The Seasons, Sounds and Poetry

I can actually see grass outside, there is (somehow) no snow on the ground, and it’s finally warm outside-

Which, for some reason, means the tone of my poems completely changes. I know this doesn’t only happen to me, as I have read friends’ poems written at different times of the year and the same thing seems to happen. In case this does truly happen to anyone else, how does your tone shift? I notice that, when the weather is warmer, the lines on my poems become more center-justified and a little bit more structured than before. After wondering about this for what seemed like hours but was probably minutes, I tried to figure out what the root cause of my poetry shift could be.

Is it some sort of Seasonal Affective Disorder? No, I have no noticeable behavior changes between the seasons, and I feel no different in Summer versus Winter. Is it the sun finally being out? No, I don’t ever go outside, so the sun and I do not see each other much (sad, I know). I began to think that the answer lies in music.

I know we as a group have talked about the music we listen to while writing, and I thought, “Hey, I listen to different music in warmer weather versus colder weather, maybe that’s it!” So, I tried a small experiment: winter music versus spring music. I noticed that the poems I wrote during the winter music were much more broken apart, with a lot more space permeating the lines than the spring poems. Spring’s lines were more centered and structured.

Just as an example, here’s the kind of music I listen to in the Winter (ignore the obnoxious ads):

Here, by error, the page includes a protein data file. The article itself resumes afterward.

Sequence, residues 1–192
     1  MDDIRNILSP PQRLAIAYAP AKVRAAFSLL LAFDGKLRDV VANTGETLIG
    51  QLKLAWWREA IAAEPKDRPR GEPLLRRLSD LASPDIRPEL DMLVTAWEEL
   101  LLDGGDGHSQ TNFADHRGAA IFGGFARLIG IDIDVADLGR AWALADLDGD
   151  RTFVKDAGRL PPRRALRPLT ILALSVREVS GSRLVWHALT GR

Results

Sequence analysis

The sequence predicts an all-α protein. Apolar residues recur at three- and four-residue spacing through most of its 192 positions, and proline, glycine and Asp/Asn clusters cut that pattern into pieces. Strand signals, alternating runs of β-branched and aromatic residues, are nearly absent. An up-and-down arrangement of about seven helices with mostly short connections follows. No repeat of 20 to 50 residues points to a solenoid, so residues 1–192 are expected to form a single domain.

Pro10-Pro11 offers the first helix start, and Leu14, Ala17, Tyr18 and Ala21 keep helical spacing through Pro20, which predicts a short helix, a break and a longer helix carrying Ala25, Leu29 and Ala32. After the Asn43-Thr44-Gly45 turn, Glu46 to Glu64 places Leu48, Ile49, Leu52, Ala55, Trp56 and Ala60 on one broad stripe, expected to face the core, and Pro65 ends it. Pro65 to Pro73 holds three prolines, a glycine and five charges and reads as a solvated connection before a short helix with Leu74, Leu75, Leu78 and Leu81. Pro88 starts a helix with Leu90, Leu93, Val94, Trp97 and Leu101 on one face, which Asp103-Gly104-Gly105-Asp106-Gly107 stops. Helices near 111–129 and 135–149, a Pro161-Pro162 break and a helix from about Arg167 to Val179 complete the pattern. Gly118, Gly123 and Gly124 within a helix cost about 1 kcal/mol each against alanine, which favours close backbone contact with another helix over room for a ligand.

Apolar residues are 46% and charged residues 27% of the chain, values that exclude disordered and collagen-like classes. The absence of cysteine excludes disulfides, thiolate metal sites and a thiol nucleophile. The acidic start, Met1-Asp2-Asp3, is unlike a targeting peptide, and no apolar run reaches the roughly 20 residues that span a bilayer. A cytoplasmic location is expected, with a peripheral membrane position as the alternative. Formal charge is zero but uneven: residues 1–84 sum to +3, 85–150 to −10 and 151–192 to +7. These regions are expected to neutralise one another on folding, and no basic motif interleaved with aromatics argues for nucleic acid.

And here’s an example of Spring music:

I want someone else to tell me the kinds of music they listen to during the different seasons (if the style of music is different) and if the seasons change their style of writing, too!

Writing in Their Shoes

Many times, inspiration can be found simply by looking at other people. Sit down somewhere you can people watch. Pay close attention to other people’s outfits, particularly their shoes. What do their shoes say about them? Write a poem based on their shoes: it can be about the shoes themselves, how they are walked in, where they have walked, or many other things. Try to expand on the small details of the shoes without wearing their soles too thin (har har).

Special bonus round: write using only long lines, or at least lines long enough to mirror how far the shoes have walked.

As the posts before have said, share this poem! Staple it to the bottom of your shoes! Staple it to someone else’s shoes (with their consent, of course)! Walk 500 miles and 500 more and staple it to a telephone post – sharing it doesn’t mean you’re not the sole proprietor of your own poem anymore.

If you can’t seem to come up with something shoe related, don’t feel defeet. Try to write about another article of clothing! I am so sorry about all the puns.

Piecing Together a Poem

The blank page is the most intimidating part of writing, and most of the time I don’t know where I’m going with a poem before I start it. It’s always been difficult for me to start writing a poem. Usually, I’ll use phrases or lines I’ve magpied-together and go from there, but this proves to be difficult when writing on one subject or even person. I tend to string together these pieces and produce something much different than what I set out to do. While this still works as part of my writing process, I was wondering if anyone had any other suggestions or examples of how they begin their poems. It could be the style of how you begin your poems, such as looking at a picture or image to inspire your words, or listening to certain songs, etc.

While the exercises certainly work for me in terms of writing a poem of that style, I can never get started on my own. I sometimes look up different exercised online, but doing so makes me feel as if I’m cheating.

Rhyme Time